In similar bleeping, breakbeat style Side 2 opens with Silhouettes - Lunar Invasion, a weird psych jam with a breath and scat flute outro for good measure. This is an excellent track from a dyed-in-the-wool sample tool of an lp.
Sitting alone on Discogs with catalogue number st-001 Soul Travelin' looks to all the world like a Harry. We doubt it though. Once again the mastering of each track and the overall quality of the sound points to someone who's done this before.
It's a very laid back selection overall and if the sample credits weren't present we'd have thought this was a mid-to-late eighties compilation. There would be a certain completeness attached if this were a reissue; replete with this sticker stating who sampled what; of an earlier boot. Bootleg lps were actually used by producers to create hit songs. This was certainly the case in England where several musicians involved in the the whole Bristol / Portishead / Massive Attack scene admitted using boot in their productions.
This was one of four boots from a record shop in London. The manager looked uncomfortable when we asked him for others and it took a short while to convince him we weren't Trading Standard Officers. He sold all four boots to us on our understanding that he didn't realise they were out in the shop and the £12 we were paying was for the plastic bag only and not the records which we had found and could now put in it.
We couldn't be bothered to ring Guiness and lay claim to the highest price ever paid in a UK record shop for a plastic bag. A less cautious shop nearby has a sign in the basement pointing to the Soul Patrol lps.
Each one consists of classic and lesser known funk, soul and jazz tracks.
With faultless seguing on both sides it's into 70s funky from the off with Mike James Kirkland - What Have We Done? channeling the spirit of Gaye's What's Goin' On?
John Cameron - Troublemaker from his 69 lp Off Centre will be familiar to many as one half of a cool and legal double-sider 45 from Jazzman Records with Mike Westbrook - Original Peter on the flip.
The selections on these lps appear fairly mainstream today but were hugely influential in shaping the taste of record buyers in the early 90s.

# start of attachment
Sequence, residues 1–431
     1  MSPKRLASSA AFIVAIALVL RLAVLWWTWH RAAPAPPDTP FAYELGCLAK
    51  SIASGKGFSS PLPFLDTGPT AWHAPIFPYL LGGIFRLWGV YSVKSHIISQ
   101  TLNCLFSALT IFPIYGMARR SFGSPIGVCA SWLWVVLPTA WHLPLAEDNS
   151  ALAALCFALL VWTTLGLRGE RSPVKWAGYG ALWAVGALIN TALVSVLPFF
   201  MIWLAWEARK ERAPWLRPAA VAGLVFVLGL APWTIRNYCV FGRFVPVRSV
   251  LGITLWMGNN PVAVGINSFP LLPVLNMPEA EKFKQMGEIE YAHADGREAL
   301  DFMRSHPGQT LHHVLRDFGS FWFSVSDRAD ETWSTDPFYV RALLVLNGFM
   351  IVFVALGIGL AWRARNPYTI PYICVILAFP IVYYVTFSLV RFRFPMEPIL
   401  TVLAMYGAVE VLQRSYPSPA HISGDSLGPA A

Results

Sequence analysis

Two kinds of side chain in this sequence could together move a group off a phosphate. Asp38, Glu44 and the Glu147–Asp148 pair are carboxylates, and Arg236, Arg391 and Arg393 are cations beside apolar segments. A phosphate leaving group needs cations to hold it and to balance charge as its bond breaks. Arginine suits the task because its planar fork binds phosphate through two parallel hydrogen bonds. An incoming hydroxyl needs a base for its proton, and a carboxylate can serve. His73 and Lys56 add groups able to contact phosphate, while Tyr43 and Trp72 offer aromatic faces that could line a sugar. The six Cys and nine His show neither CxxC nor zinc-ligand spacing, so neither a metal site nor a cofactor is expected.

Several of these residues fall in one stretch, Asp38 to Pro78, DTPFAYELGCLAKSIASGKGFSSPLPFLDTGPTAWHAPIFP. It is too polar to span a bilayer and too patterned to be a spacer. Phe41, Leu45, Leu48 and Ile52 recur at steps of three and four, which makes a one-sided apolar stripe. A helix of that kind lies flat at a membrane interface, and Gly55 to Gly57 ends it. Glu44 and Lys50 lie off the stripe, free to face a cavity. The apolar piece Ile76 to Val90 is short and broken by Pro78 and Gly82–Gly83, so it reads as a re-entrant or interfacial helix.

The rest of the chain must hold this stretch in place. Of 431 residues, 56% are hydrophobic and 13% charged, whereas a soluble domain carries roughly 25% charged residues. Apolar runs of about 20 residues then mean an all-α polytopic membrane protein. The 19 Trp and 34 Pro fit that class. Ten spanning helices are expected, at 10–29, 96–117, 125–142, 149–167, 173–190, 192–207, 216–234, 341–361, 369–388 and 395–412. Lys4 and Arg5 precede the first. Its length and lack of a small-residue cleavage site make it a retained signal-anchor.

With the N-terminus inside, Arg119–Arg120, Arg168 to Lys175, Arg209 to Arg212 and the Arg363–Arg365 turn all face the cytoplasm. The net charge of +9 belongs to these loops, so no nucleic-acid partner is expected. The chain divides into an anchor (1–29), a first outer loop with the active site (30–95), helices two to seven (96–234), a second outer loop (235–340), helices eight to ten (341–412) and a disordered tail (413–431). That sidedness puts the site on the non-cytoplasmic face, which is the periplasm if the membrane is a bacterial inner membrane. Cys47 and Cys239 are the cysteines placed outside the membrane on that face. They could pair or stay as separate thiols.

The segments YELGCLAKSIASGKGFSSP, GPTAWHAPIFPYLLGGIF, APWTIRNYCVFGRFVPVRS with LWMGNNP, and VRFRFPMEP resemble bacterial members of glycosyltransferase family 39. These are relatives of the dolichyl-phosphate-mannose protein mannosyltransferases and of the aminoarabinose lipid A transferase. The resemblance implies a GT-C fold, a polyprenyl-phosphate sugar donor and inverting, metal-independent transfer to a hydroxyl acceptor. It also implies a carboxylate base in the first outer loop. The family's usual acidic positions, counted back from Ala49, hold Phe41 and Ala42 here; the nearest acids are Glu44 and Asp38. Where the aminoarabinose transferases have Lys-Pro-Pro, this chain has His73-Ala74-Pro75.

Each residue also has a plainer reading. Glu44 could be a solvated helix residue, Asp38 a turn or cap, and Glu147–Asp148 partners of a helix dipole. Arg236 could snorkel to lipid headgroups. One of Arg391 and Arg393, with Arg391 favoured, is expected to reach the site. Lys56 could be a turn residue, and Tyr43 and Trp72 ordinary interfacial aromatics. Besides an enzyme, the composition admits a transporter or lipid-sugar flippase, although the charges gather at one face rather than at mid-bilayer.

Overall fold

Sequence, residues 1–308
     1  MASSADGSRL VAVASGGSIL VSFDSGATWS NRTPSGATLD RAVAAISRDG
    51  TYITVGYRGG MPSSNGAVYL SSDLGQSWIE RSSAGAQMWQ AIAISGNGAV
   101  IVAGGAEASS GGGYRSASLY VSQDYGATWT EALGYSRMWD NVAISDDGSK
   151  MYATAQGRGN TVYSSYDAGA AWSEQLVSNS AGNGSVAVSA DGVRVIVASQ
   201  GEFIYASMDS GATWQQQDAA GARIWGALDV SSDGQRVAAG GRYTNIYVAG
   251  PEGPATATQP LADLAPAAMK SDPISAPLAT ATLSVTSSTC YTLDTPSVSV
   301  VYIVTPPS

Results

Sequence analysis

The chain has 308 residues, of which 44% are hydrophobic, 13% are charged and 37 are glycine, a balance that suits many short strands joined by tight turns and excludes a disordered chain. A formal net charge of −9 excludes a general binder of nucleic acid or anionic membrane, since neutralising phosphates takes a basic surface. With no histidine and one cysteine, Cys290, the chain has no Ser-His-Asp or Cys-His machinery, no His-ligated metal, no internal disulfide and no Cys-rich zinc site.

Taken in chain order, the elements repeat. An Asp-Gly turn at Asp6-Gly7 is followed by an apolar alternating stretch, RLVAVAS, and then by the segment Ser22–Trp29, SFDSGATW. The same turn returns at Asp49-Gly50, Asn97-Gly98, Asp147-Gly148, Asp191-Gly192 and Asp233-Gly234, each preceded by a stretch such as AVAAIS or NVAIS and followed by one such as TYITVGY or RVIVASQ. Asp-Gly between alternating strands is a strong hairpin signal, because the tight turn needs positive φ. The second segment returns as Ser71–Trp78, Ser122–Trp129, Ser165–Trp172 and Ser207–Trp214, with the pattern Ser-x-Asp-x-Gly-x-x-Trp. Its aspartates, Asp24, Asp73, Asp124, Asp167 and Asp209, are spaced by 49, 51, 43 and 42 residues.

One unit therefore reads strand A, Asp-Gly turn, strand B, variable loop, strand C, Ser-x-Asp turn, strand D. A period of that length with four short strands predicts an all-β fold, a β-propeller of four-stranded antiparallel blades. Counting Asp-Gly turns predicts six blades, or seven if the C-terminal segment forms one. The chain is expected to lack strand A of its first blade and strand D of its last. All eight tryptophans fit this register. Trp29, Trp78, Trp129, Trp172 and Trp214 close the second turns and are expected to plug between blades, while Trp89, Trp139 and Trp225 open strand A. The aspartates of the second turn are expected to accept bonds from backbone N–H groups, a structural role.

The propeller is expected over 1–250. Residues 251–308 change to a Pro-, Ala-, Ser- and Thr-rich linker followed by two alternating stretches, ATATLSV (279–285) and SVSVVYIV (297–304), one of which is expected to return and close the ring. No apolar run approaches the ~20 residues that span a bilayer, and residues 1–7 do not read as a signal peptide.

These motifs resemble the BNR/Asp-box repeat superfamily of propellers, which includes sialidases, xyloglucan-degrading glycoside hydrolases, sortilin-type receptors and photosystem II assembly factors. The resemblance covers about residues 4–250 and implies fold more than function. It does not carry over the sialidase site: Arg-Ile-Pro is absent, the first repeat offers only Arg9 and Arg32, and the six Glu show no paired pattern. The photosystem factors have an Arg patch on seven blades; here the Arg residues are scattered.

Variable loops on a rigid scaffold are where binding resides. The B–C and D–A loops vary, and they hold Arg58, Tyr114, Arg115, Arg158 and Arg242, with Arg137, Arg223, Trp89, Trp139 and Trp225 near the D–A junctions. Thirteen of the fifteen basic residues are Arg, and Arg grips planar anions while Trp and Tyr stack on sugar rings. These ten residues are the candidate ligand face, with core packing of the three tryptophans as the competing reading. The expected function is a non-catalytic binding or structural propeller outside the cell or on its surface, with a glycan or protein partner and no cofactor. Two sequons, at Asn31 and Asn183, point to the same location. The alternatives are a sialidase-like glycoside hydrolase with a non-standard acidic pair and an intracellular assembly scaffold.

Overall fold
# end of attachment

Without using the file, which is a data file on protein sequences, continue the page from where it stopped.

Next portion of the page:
The extent to which these lps helped to inform and educate the crowds who went to jazz, soul and funk nights is debatable but many vinyl heads we've interviewed went on to source og lps after first hearing tracks on boots.
Twelve people obssessed with Latin Soul perhaps? We'd be lying if we didn't state that we hope this series of articles will bring forth enlightenment for the 2012 double-dip recession generation of boot collectors. As when these lps originally surfaced, there are now significant numbers of vinyl lovers who can't splash for og's.
This is a selection of cool Latin sounds and not as heavy on the Latin breaks as stated elsewhere. The majority of tracks here are a taster of fuller length tracks rather than whole tracks. We're presently loving the quirky organ groove opening of Armando at the end of side one which fades out the moment the female singer comes in but we haven't got a Scooby Doo who it's by except that his first name is Armando. It's highly likely this boot came laced with a typewritten tracklist but we don't have it.
forumusic are not Latin aficianados so the no titles thing leaves us feeling more uncool than we usually are.
The discordant but oddly powerful version of Goin' Out Of My Head (Over You) by Los Grillos is great though..
"Various / Not on label / comp / unofficial"
Like an Unknown Soldier, here's an lp to represent the scores of oblique boots possessing a white label, a typed tracklist and nowt to decipher in the run-out grooves.